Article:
JW: Each of your novels revolves around an issue that resonates with readers: a health crisis, a marriage crisis, infertility, secrets, shame, or the challenges to friendships as life evolves. Do you begin with an issue or does a character come to mind with a story to tell?
SP: It's always the character. Once I can see the character in my mind—once I know how she sounds and looks and I get a sense of her—then I create the complications in her life. One thing I've learned is that I have to connect with my main characters, similar to how an actress has to find a piece of herself that conjures the emotions she needs to express for the character she is portraying. I'm not saying I've dealt with the same issues as my characters, but I need to feel what they are feeling, whether it's betrayal or loneliness or joy. So I do cry when I write sad scenes and feel buoyed when my characters make it through a crisis.
JW: If I didn't already love you for your books, the "About" page on your website would have reeled me in. There, you provide an image of the "sternly-worded" letter (on Raggedy Ann stationery) you wrote as a child when publishers didn't respond to a manuscript submission. Please share with us the story of your first foray into publication.
SP: I always knew I wanted to write. In elementary school, I used to pen novels on three-ring binder paper, tie the pages together with yarn (probably because I was too disorganized to find a stapler), and send them to top New York publishers. I remember one time, an editor sent me a hand-written reply telling me to keep at it, because she was sure I'd be published one day (I'd sent her the underrated masterpiece The Lost Gold). Another time, a neighborhood friend came over to my house, and in the course of a single afternoon, we created a compilation we creatively titled Miscellaneous Tales and Poems. It may even have included original illustrations as a bonus. Off it went to a publisher, and when we didn't hear back quickly enough for our liking, I sent them a highly professional letter, demanding to know the status of our book.
JW: The Perfect Neighbors is your seventh book since the 2010 publication of your debut novel, The Opposite of Me. That's quite a pace! How much writing do you manage in a day, and is there a specific word count you aim for?
SP: When I'm in the thick of a book, I write every single day, usually for a long stretch in the morning and often for a shorter one in the evening. A soft goal is 2,000 words—about eight pages—a day, though, often, I'll go a bit over or under that amount. The trick is getting started; sitting down to a blank page can be daunting, but I've learned to continue typing even when my words seem clunky and my sentences strained. All of that can be fixed during the rewriting phase.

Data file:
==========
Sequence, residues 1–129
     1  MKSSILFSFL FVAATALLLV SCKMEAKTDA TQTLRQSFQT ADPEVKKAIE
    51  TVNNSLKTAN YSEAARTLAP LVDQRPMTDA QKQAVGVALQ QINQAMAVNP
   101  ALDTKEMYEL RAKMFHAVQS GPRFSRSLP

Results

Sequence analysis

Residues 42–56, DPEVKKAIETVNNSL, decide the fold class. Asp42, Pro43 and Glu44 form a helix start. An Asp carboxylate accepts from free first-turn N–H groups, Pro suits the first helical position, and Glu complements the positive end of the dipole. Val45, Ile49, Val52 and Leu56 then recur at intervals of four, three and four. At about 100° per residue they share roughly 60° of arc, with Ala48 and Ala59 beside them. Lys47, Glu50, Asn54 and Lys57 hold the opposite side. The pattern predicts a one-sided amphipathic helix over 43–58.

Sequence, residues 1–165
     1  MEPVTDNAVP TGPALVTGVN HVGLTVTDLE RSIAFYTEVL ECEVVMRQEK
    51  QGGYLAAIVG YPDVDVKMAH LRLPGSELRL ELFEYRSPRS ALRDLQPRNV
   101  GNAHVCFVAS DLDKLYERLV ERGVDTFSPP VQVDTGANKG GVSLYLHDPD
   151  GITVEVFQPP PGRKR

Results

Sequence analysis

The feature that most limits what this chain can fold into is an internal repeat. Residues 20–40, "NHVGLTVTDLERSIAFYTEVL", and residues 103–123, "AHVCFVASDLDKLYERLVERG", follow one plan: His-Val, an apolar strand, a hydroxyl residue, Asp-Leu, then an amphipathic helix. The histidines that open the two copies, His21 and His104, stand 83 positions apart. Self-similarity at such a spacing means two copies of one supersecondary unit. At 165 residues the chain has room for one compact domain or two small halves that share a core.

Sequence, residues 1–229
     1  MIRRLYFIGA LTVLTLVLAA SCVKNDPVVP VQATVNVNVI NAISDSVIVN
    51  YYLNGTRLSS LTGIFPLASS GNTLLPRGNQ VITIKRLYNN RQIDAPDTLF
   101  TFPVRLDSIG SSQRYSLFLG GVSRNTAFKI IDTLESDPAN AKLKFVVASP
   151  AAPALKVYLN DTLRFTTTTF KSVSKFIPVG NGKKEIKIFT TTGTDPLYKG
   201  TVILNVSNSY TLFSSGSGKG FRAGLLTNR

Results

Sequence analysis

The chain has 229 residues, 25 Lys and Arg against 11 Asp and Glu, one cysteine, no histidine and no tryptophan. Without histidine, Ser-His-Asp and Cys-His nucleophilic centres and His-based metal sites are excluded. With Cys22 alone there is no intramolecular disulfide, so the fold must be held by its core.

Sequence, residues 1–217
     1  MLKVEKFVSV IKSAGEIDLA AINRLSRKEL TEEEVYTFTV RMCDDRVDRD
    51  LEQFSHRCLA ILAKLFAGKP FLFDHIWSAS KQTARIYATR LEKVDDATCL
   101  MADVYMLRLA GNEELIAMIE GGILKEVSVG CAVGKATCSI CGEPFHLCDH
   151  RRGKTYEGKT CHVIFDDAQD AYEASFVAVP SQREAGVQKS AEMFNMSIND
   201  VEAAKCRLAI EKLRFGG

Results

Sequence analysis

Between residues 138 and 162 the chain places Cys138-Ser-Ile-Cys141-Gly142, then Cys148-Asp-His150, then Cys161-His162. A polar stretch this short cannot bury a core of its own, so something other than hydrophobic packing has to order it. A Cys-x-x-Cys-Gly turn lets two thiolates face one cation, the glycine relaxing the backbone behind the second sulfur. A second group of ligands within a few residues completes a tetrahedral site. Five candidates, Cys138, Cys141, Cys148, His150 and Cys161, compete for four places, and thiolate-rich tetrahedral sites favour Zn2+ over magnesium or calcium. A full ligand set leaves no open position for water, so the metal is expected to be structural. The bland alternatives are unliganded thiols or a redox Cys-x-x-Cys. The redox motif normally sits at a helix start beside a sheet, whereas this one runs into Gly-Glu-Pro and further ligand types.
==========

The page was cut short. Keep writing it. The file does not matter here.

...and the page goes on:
JW: You began your career as a journalist. Now, as a mom to three boys, you are having a stellar career as a novelist. Do you find being a writer of fiction a better match for your lifestyle needs as a mother? How do the two writing paths compare?
SP: Writing novels gives me a much more flexible lifestyle. As a journalist, I had no control over my schedule. I traveled a fair bit, sometimes with no more than a few hours notice, and deadlines ruled my days. Now that I write fiction, I can bring my laptop anywhere. I actually wrote part of my first book at Chuck E. Cheese's. My two oldest boys were pretty young, and they never seemed to sleep, so I had no free time. I devised a plan in which I brought my laptop to Chuck E.'s and bought a pile of tokens. I put them down on a table in the middle of the chaos and told my kids they had to come back to the table each time they wanted a token. I would type a line, glance up and get a visual on my kids as they returned to grab a token, type another line, get a visual… And at the time, Chuck E. Cheese's served beer. A cold beer somehow seemed to help my creative process. The shrieks and screams and giant dancing mouse didn't bother me—remember, I worked in a crowded newsroom where reporter and editors were always shouting across the room.
JW: The publishing world is changing fast and finding and keeping an audience can be difficult. In 2016, you still made a few appearances for The Perfect Neighbors, but some authors are offering Skype sessions with book clubs or book blog tours. How do you stay in touch with your fan base?
SP: I'm lucky that Atria Books sends me on traditional book tours around the country. It's a great way to meet readers and booksellers face-to-face. I also take part in a lot of online social media—whether it's those Skype sessions or chatting with readers on Facebook. I actually love Facebook. My readers have even helped me come up with names for characters and suggested book titles when I've posted a message asking them for suggestions.
JW: What is in the works for 2017 and beyond?
SP: More books! I will continue writing for as long as I'm able. I can't imagine doing anything else.